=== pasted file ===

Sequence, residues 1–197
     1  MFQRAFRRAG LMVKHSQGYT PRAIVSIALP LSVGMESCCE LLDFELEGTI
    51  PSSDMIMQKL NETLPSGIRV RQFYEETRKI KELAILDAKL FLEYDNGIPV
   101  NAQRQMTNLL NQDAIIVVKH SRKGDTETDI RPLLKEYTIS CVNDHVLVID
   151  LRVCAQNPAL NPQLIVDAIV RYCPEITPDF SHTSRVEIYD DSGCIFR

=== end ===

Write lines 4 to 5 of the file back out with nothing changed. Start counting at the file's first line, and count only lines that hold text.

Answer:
   101  NAQRQMTNLL NQDAIIVVKH SRKGDTETDI RPLLKEYTIS CVNDHVLVID
   151  LRVCAQNPAL NPQLIVDAIV RYCPEITPDF SHTSRVEIYD DSGCIFR